“Is denial a regressive defense, indicative of a fragile ego? Or is it a tactical defense?” Thanks to Johannes for this important question!
In his seminal work, Denial and Defense, Theodore Dorpat pointed out that denial is the basis of ALL defenses. Think about that for a minute! I might deny that I have a feeling. Or I might deny that I have a feeling and do one more thing: e.g., relocate it in someone else (projection), cover it with words (intellectualization), or make someone else feel it (projective identification). What do we deny? Two things: 1) the stimulus (otherwise known as reality); or 2) our feelings and internal responses to that stimulus. If I can deny the reality of a stimulus, I don’t have any feelings about it. “He said he wanted to break up, but I had been thinking of leaving anyway, so I don’t think that’s what my depression is about.” Here, the patient denies the significance of reality to avoid having feelings about it.
Since all defenses are based on denial, all of us use this defense. Thus, we can’t say that it is always a regressive defense or a tactical defense. Instead, new questions arise for us. In a given moment, what impact does the denial have on the patient’s reality testing and what function does the denial serve?
Denial can obviously be a regressive defense in a fragile patient if the other defenses are regressive, the patient’s anxiety is in cognitive/perceptual disruption, and the denial impairs the patient’s reality testing. For instance, a suicidal patient denies the lethality of her suicidal attempt through omnipotent denial. “My suicide will not lead to death but to rebirth in a new life.” Notice in omnipotent denial that the patient not only denies reality but offers the complete opposite of reality as a substitute.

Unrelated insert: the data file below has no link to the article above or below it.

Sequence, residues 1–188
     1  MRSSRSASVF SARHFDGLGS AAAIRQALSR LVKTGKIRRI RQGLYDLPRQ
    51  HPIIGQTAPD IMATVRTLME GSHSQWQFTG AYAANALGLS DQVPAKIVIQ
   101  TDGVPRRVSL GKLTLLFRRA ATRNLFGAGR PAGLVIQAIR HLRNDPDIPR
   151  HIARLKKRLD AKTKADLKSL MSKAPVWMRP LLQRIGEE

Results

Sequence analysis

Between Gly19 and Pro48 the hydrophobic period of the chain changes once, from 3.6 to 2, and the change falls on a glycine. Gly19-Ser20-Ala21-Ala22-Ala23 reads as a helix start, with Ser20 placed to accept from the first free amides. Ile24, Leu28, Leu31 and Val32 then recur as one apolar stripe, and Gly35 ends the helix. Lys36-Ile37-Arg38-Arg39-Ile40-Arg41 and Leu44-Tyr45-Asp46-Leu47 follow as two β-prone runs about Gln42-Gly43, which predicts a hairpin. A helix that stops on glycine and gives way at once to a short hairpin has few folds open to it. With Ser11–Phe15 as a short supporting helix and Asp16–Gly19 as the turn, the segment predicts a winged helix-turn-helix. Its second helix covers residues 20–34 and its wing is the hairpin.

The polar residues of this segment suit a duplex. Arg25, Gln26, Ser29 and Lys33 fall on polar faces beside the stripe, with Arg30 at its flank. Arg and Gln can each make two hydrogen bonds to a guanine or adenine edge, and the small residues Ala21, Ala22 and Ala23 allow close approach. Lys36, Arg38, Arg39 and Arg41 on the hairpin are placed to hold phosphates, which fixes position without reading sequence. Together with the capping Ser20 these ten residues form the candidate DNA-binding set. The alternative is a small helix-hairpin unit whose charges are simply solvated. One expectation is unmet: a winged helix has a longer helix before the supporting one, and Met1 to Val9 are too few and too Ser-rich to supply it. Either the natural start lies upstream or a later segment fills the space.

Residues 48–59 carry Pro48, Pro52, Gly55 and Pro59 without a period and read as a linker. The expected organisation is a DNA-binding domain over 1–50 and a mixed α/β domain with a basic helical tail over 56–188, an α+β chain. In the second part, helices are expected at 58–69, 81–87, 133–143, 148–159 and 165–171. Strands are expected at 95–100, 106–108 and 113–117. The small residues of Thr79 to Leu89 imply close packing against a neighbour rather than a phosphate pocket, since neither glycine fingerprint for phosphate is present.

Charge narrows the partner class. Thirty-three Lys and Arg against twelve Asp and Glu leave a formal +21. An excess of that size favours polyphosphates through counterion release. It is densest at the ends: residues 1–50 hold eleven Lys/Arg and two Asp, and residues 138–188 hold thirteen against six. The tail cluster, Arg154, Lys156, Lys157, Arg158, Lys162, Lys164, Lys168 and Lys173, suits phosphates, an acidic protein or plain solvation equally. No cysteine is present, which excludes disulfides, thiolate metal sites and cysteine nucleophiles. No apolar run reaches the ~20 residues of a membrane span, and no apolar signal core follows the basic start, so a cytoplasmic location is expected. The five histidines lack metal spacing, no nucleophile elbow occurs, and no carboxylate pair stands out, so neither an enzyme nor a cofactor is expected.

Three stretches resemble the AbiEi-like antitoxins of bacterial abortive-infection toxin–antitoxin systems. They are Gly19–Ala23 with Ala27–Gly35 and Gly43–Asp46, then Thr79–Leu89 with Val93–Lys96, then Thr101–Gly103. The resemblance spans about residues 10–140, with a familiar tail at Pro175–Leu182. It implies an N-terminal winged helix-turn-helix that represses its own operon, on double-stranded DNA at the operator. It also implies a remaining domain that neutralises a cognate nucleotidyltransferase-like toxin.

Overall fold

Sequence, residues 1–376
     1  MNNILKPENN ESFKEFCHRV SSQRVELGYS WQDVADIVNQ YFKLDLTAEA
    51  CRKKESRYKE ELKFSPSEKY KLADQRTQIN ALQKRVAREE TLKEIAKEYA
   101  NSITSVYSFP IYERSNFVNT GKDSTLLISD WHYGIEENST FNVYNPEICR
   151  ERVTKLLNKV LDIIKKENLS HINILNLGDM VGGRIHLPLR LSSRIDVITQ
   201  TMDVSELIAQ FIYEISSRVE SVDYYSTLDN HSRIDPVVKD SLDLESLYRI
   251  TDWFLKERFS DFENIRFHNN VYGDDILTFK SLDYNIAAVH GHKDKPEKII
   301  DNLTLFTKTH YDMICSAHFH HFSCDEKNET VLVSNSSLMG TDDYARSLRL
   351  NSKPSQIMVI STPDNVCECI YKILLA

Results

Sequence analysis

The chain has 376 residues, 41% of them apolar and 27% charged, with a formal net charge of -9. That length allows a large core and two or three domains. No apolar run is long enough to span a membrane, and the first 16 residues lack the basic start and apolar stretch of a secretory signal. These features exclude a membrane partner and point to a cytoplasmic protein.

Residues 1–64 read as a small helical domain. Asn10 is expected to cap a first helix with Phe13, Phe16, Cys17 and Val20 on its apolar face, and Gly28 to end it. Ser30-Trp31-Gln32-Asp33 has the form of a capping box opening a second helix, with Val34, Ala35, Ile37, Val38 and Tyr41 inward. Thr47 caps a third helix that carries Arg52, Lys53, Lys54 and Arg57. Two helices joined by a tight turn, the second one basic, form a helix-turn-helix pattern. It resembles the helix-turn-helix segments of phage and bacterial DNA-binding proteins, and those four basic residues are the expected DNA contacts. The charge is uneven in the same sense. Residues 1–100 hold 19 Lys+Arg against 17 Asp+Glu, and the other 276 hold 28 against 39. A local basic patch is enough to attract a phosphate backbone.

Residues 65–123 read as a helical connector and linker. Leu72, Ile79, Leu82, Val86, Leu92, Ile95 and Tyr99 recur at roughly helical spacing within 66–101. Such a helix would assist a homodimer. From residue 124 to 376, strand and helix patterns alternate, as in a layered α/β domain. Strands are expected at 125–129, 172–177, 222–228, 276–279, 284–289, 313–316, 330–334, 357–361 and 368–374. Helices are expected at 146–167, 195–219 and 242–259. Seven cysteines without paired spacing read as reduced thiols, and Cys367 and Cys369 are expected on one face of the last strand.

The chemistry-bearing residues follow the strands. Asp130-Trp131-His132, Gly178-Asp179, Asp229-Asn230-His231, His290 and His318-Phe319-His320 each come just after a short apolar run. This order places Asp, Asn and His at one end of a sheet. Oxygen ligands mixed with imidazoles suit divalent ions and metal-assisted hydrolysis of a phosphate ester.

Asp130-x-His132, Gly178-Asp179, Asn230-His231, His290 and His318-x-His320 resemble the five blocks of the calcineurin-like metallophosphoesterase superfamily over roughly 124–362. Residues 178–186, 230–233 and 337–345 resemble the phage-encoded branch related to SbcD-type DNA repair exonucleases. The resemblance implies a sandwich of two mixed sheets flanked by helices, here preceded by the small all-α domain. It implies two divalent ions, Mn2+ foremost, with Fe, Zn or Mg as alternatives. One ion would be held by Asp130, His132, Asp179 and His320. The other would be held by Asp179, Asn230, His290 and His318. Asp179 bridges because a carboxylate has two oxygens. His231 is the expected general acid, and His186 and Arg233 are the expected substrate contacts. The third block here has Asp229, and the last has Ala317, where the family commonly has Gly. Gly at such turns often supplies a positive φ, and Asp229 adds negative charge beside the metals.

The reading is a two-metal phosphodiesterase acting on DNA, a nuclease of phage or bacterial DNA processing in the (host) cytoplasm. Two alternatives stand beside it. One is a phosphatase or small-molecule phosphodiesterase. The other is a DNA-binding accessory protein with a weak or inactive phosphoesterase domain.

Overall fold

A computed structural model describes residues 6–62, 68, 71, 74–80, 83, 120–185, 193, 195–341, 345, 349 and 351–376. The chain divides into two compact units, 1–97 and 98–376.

Denial can also function as a tactical defense in a highly resistant patient if he uses tactical, repressive, and character defenses, if his anxiety is discharged into the striated muscles, and if his reality testing is good. For instance, he might say, “I don’t have a problem. You should ask my wife, since she’s the one who thinks there is a problem.” Here we see first the defense of denial. Then we see projection of his awareness (which he denies) onto his wife. This is not a loss of reality testing because, most likely, his wife really does think he has a problem. Here, the defense of denial wards off his awareness of his problem, but it also functions as a tactical defense to keep the therapist at a distance from his inner life.
Of course, the denial of any part of reality or of our feelings in response to it will falsify our picture of reality and ourselves. Thus, denial always impairs our reality testing. But the degree to which our reality testing is impaired occurs on a spectrum from neurotic denial (“I don’t have a problem”) to psychotic denial (“My suicide will lead to my rebirth as a savior of the world”).
In my forthcoming Youtube videos on denial, you’ll learn about the four types of denial: denial per se, denial through fantasy, denial through words, and denial through deeds. And in my book, Co-Creating Change, you’ll find an entire section on denial since it is such an important defense to understand and address if you are to gain access to the patient’s feelings.